Lionel Logue is an Australian speech therapist working in London who is hired by Albert’s wife in hopes that his unusual methods will help the Duke of York overcome his stammer. During their first session, Logue breaches royal etiquette and insists on calling his patient “Bertie,” a name used only by members of the royal family. This is an example of how Logue makes their relationship that of equals. When Albert decides Logue’s methods and manner are unsuitable, the Australian bets a shilling that Albert can recite Hamlet’s “To be, or not to be” soliloquy without trouble while listening to loud music on headphones. Logue records his performance on a gramophone record; convinced he has stammered throughout, Albert leaves in a huff without listening to the recording, declaring his condition “hopeless” and dismissing Logue. Logue offers him the recording as a keepsake.

When Albert eventually listens to the record, he discovers out that he did not stammer at all when the loud music drowned out the sound of his own voice. Logue’s patience to let Albert discover this for himself was a wise move, one that convinced Albert to go back to him and continue the treatment. Throughout their sessions, Albert gets offended with his therapist on multiple occasions, but Logue always handles his outbursts intelligently. He treats the Duke just like any other patients, so much he didn’t even divulge it to his wife and sons.

His compassion and respect for Albert is evident throughout the film, which culminates in his first major announcement to the world on live airwaves — and Albert’s trust in his therapist is likewise evident. Logue is the only one to accompany him into the broadcasting studio, where he tells him right before the red light goes on, “Just read the speech like you’re saying it only to me.”

Logue’s character demonstrates all of the servant leadership qualities. He is a loyal leader who places Albert’s needs before his own benefits. He does not demand recognition or brag about his accomplishments; instead, he finds success in the success of his subject. From rolling the Duke around on the floor, to encouraging him to swear when he felt stuck on a word, Logue’s unorthodox leadership techniques eventually helped Albert to assert his power and find his own voice.

One Comment on “Leadership Roles in The King’s Speech”

  1. I could write for hours about this film. I only just heard about it last night at a New Year’s Eve party. Saw it today. To use the vernacular, OMG. Director Tom Hooper has a masterpiece on his hands. Geoffrey Rush, Helena Bonham Carter, Derek Jacobi, and Timothy Spall as Winston Churchill, all turn in excellent performances. Not to forget Guy Pearce as King Edward who abdicated his throne for an American divorcée. David Seidler’s script is brilliant. The story is laid out cleverly. The pace and rhythm are PERFECT.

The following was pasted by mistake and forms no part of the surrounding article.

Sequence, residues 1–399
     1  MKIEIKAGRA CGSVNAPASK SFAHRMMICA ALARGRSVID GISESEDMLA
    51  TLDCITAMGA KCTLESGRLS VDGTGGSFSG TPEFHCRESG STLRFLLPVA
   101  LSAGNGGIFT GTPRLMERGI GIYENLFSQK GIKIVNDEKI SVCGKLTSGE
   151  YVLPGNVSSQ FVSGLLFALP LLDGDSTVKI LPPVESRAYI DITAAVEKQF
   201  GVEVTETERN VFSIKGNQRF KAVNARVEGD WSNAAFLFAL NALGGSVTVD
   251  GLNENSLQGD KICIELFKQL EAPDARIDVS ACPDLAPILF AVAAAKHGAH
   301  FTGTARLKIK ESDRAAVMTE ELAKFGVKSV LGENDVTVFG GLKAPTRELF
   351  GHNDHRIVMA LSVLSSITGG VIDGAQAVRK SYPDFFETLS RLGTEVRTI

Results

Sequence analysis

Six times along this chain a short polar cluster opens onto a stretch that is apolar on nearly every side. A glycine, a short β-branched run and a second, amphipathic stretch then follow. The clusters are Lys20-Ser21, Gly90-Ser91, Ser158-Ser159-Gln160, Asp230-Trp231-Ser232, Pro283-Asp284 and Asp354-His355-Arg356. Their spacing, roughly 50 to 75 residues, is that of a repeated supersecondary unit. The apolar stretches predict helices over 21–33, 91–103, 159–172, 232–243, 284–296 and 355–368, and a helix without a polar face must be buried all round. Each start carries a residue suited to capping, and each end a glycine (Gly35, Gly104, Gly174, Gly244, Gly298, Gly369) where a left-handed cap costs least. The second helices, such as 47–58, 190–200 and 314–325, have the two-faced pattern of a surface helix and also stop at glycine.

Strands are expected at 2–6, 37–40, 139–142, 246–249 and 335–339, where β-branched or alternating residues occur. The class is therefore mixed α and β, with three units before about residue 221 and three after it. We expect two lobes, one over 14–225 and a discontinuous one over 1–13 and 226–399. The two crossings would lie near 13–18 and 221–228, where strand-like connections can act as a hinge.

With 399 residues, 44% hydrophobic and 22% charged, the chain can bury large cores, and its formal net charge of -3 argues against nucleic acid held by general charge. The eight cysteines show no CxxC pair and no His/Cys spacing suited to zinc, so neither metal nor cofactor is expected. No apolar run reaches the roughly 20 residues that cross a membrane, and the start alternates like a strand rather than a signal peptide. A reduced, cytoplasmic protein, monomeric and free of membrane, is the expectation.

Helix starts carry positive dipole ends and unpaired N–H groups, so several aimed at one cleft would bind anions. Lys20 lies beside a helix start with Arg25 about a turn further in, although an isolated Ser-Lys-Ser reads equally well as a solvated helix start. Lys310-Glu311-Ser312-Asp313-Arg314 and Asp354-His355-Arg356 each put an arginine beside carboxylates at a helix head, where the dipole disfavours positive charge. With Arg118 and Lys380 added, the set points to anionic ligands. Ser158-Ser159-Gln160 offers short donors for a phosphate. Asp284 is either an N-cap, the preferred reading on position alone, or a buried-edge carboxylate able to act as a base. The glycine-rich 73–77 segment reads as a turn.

I think this is one of the best films ever made. It will tear at your guts. And that is where Collin Firth comes in. Mr. Firth gives one of the most poignant and affective performances ever by a male movie star. Where, inside himself, an actor goes for a performance like this, is beyond my comprehension.

    In the movie, “A Single Man”, Colin Firth served notice that he was an actor of depth and subtlety, the surface of which he had only just begun to scratch. Now, he’s more than scratched that surface. He’s gouged a chasm through it. He plays the tormented, soon to be King of England, George VI, and does so in a way that very early in the movie buries his hooks in you and doesn’t let go. I can not ever recall, while watching a film, having to choke back tears for over an hour and a half. The suffering portrayed by Firth as George VI is subtle at times. In your face at others. But painfully present always. When Firth bellows, “I am a King” I nearly lost it in a very quiet, and stunned, theater. If you’ve already seen this film you know what this refers to.

    As an American I find the concept of a monarchy bewildering. Why is one person more privileged than another just because of the womb he or she sprang from? That being said, I do find the stories of those trapped in this anachronistic time warp fascinating at times. This would be one of those times. This film is the intersection of great personal pain, international upheaval, and a family that is ceremoniously dysfunctional to it’s core.

    Above this chaos, confusion, and unrest, rises a weak shell of a man to greatness. Colin Firth is the vessel for that transformation and if he doesn’t win an Oscar for this performance it will tarnish the Academy forever in my humble opinion. This is the kind of performance, and film overall, that you leave thinking to yourself that you’ve just seen the greatest movie ever. Maybe later you’ll see another brilliant film and think that “this one” is the best ever, but for now “The King’s Speech” has no equal.